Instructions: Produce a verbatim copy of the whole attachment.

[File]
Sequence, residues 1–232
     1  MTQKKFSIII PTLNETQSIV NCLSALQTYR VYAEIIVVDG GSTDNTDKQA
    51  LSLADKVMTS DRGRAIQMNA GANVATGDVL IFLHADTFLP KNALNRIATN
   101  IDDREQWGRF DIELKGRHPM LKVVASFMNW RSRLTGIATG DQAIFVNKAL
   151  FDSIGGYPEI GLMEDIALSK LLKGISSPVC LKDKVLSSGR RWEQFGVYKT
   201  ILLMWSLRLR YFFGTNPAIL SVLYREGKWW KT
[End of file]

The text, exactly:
Sequence, residues 1–232
     1  MTQKKFSIII PTLNETQSIV NCLSALQTYR VYAEIIVVDG GSTDNTDKQA
    51  LSLADKVMTS DRGRAIQMNA GANVATGDVL IFLHADTFLP KNALNRIATN
   101  IDDREQWGRF DIELKGRHPM LKVVASFMNW RSRLTGIATG DQAIFVNKAL
   151  FDSIGGYPEI GLMEDIALSK LLKGISSPVC LKDKVLSSGR RWEQFGVYKT
   201  ILLMWSLRLR YFFGTNPAIL SVLYREGKWW KT